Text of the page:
During Mass one Sunday after the reading of the Gospel, I settled into the pew for the homily. I expected the usual treatment of the day’s readings and a passing reference to how we can apply the words of Scripture to our everyday lives. However, on this day, the homily would have a relevant meaning for individuals and churches throughout America.
In his homily, the priest told of his first assignment after being ordained. He was to serve an inner-city church with mostly poor members. This was not exactly what the priest desired from his new vocation. In fact, he admitted he was a bit disgruntled. After all his years of education at the university and seminary, he found himself cleaning tables after providing free meals for the surrounding neighborhood. After one particular hard day, he stormed into his superior’s office and shouted, “I did not go through this many years of training and study to clean up tables for ungrateful people. I became a priest to preach the Gospel!”
After his brief explosion, the priest resigned himself to the job and somewhat relunctantly proceeded with his usual routine until the day when he felt a tugging at his pant leg. He looked down to find a smiling young girl with food spread over her face glaring up at him. She exclaimed, “That sure was good pudding. Thanks.” It may have been a small token of appreciation, but the priest claims this small incident made him realize that he was doing what he was trained to do: being a servant to the poor. No longer was he helping nameless, ungrateful objects, he was helping to make a difference in individual lives.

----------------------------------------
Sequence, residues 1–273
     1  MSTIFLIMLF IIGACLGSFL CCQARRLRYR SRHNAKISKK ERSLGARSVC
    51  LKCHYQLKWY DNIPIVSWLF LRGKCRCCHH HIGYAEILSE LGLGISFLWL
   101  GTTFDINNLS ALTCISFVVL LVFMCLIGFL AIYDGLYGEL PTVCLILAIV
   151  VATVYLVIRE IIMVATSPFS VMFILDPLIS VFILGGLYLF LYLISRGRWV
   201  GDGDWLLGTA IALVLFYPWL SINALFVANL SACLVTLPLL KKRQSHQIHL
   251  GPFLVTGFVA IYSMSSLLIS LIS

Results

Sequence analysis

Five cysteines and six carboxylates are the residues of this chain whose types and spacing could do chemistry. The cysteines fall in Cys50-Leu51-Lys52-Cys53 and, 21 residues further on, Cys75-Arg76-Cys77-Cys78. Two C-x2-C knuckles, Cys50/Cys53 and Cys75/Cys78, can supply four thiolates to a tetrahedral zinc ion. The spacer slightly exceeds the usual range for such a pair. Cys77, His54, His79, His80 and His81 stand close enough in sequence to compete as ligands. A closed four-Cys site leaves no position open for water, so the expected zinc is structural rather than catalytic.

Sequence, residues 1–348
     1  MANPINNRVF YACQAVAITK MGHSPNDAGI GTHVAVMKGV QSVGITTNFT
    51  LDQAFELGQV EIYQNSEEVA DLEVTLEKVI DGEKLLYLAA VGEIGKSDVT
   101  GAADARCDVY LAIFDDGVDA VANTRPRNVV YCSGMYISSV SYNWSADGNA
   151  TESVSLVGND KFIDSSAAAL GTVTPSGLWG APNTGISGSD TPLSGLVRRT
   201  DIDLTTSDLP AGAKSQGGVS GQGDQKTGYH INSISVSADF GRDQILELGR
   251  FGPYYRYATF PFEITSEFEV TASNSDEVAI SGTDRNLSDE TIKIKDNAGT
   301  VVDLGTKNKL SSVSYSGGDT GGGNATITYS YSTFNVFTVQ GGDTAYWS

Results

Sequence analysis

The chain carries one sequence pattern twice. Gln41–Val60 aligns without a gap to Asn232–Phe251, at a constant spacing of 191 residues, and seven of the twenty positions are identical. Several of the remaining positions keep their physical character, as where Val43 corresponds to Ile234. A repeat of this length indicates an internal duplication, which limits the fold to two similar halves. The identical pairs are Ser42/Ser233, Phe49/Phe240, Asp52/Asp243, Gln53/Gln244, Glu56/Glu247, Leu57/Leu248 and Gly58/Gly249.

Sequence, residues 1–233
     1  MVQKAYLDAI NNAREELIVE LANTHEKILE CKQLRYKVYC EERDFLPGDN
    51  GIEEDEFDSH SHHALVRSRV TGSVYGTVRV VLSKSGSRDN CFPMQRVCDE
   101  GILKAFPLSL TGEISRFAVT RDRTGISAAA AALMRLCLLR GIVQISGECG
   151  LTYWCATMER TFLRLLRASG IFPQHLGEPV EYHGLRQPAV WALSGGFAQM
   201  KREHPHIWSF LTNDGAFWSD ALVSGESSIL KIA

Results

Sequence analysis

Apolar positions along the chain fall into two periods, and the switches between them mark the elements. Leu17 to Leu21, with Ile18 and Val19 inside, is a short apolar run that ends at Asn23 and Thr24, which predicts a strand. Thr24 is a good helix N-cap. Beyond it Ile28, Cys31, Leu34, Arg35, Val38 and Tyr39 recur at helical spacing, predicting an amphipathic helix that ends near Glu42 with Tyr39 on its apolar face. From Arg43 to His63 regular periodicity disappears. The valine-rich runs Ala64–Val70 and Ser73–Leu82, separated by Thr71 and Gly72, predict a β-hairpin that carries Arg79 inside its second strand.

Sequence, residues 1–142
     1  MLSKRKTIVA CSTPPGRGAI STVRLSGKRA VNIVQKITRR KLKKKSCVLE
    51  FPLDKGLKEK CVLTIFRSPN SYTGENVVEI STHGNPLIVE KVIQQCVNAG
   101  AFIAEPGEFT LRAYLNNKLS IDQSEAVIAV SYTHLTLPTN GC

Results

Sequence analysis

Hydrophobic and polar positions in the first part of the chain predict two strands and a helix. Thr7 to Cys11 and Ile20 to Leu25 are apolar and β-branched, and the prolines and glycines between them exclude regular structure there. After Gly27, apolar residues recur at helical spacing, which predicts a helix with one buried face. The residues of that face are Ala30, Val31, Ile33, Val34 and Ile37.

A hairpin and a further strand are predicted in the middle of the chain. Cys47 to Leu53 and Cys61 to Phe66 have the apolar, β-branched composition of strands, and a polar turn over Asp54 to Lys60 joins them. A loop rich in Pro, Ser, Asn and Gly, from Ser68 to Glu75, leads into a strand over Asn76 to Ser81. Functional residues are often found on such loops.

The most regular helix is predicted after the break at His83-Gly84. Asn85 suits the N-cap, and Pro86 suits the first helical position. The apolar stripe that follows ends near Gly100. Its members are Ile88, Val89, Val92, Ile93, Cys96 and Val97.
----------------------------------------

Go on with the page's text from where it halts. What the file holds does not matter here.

Although he may not know it, this priest touched upon the main problem with today’s welfare state: the lack of individual interaction with the nation’s poor. This robs both the poor and those who support the welfare state (churches and individuals). The poor are given hand-outs without any true companionship or moral guidance, while churches and individuals are led into the false belief that virtue can be attained through paying tax dollars.
True welfare reform would address the spiritual needs of our nation’s underclass as well as challenge churches and individuals to become actively involved in solving the problems of the underclass. In order to accomplish these two objectives, we must first define the problems that plague our welfare state.
What we are really talking about when we speak of welfare reform, is how to deal with what has become known as the “underclass.” Its members stay on the welfare rolls for ten years or more. Indeed, we are now seeing three generations of welfare dependency in some underclass families. The underclass is partly characterized by violent crime, drug abuse, illegitimacy, and a lack of work ethic.
While these attributes have begun to affect our whole society to some extent, no one is more hurt by these actions and the associated values than the underclass. The Murphy Browns of the country can probably succeed in raising children in a single-parent environment because of their relative affluence and the head start they were given by their family and education. However, the members of the underclass do not have these luxuries. As Myron Magnet has pointed out in The Dream and the Nightmare, “The Haves may pay a price for experimenting with sexual liberation or drugs or dropping out (almost always temporarily), but is usually not a catastrophic price, nothing like the price the Have-Nots pay in ruined lives.”
The more one looks at the problems of the underclass, the more it becomes apparent that government cannot solve these problems. No amount of government redistribution of income or restrictions on eligibility requirements for welfare are going to solve these behavioral problems. As Jonathan Rauch, a contributing editor of National Journal, notes, “America has entered a period when its problems are of kinds that government is poorly adapted to solve.” So, if government is not the answer, what is?